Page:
The Texas House late Wednesday night approved a sweeping, bipartisan school finance plan that pumps an extra $1.6 billion into classrooms and begins overhauling the troubled way the state pays for public education.
Sponsored by Houston Republican Rep. Dan Huberty, the much-watched proposal seeks to increase annual, per-student funding about $210 to $5,350 while raising funding for school district transportation and educating dyslexic students. It also could mean more state money for children who need extra instruction to learn English in a state where many youngsters speak Spanish at home.
Huberty said a full remaking of the school finance system will take several legislative sessions, but he called his bill a strong “first step.” He is also seeking to tweak the current “Robin Hood” system, gradually decreasing some local property tax revenue that school districts in wealthy areas share with those in poorer parts of the state.
Texas has no state income tax, meaning schools rely heavily on local property tax revenue. The vast majority of school districts would see funding increases under the plan, though some would get less.
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“Funding the public schools is one of the most important things that we do. It’s the foundation of our state,” Huberty said. “It basically comes down to one thing: that our school finance system needs help.”
The bill passed Wednesday night, after lawmakers work their way through a parade of small changes that don’t have the votes to pass — many backed by Democrats who have called for an even larger dose of extra school funding. It could, however, face a tougher road in the state Senate, which is more focused on voucher plans that would offer state funding to students attending private and religious schools.
Those have been repeatedly rejected by the House, and that could make the chamber’s school finance fixes less palatable in the Senate. Both chambers are Republican-controlled.
State Sen. Larry Taylor, a Friendswood Republican who heads the Senate Education Committee, has proposed his own series of bills to modify the funding formula for public education. It works to equalize how much state money school districts across Texas receive.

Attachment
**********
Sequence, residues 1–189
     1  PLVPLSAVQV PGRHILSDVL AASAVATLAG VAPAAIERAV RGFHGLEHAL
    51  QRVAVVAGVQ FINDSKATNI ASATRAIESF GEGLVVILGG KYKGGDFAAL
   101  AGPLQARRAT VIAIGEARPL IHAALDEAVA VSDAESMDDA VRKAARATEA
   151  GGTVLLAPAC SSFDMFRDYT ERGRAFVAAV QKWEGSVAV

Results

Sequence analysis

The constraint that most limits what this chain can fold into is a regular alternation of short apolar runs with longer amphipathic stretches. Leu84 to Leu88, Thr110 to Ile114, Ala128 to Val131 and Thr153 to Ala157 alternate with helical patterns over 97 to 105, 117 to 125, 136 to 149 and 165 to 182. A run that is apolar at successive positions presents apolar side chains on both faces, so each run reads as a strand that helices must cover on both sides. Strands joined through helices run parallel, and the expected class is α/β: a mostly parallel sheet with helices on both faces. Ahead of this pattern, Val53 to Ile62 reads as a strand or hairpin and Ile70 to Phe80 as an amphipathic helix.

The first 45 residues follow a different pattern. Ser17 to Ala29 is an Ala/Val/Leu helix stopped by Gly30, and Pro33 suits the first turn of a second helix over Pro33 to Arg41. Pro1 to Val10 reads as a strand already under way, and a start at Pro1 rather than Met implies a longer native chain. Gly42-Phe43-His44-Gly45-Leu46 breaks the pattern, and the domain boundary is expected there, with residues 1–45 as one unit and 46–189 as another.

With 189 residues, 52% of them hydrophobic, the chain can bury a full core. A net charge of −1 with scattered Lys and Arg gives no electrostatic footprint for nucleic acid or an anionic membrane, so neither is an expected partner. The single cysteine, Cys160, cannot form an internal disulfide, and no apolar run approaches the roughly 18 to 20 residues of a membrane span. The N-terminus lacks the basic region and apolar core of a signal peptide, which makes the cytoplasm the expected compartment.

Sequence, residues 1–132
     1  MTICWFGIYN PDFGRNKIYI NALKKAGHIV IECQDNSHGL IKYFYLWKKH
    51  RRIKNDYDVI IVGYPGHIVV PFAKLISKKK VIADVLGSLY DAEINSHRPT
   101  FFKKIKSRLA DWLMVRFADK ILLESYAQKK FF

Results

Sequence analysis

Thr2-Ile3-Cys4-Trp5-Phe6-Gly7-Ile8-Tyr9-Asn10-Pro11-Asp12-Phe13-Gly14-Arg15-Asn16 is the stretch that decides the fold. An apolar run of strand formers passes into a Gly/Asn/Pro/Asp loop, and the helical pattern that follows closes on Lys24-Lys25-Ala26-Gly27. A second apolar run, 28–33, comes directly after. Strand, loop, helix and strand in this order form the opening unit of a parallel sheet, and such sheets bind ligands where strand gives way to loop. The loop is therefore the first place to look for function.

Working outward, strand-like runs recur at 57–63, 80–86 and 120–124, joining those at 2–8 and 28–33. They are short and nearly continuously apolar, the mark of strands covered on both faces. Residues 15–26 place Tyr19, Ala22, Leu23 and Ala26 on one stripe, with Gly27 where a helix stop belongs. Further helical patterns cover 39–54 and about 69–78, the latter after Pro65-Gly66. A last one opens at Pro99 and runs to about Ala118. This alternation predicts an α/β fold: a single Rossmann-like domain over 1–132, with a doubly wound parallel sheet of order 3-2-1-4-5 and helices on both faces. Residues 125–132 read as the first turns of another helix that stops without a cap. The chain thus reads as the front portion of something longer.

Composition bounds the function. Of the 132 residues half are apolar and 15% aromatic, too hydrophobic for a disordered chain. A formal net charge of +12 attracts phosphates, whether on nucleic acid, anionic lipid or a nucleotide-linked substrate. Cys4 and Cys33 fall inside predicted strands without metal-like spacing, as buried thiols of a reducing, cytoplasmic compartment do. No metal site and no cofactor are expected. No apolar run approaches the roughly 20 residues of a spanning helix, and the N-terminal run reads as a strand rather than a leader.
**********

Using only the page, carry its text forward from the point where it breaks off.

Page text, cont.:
Texas educates 5.3-million-plus public school students, more than any state except California, but has endured nearly 50 years of legal battles, with the Legislature frequently cutting classroom budgets and school districts responding with a series of lawsuits. No school finance fix is required this session, though, since Texas’ Supreme Court ruled last spring that the system was flawed and in need of a top-to-bottom overhaul, but nonetheless barely constitutional.
“While our system is lawful, it is awful,” Huberty said Wednesday.
The bill also drew the ire of some Tea Party-backed Republicans. They worried it creates policy when there is no guarantee the Legislature will pass adequate funding to cover it as the House and Senate continue to hammer out the 2018-19 state budget before the legislative session ends next month.
“We promised our taxpayers not to write a hot check for school finance,” said Rep. Matt Schaefer of Tyler. He tried to derail the entire bill using a House legislative maneuver, but was unsuccessful.
Still, not everything debated late Wednesday was defeated. Rep. Drew Darby, a San Angelo Republican, introduced an amendment that would reserve decades-old policy and boost funding for small school districts. It drew support from rural Republicans and Democrats, even though it would require the Legislature to pump tens of millions of additional dollars into schools beginning in the years after this session’s budget is approved.
Houston Democratic Rep. Harold Dutton said Darby’s change would only exacerbate the larger problems of a fundamentally flawed system.
“It essentially puts new paint on a car that doesn’t run,” Dutton said.
The amendment passed 86-59.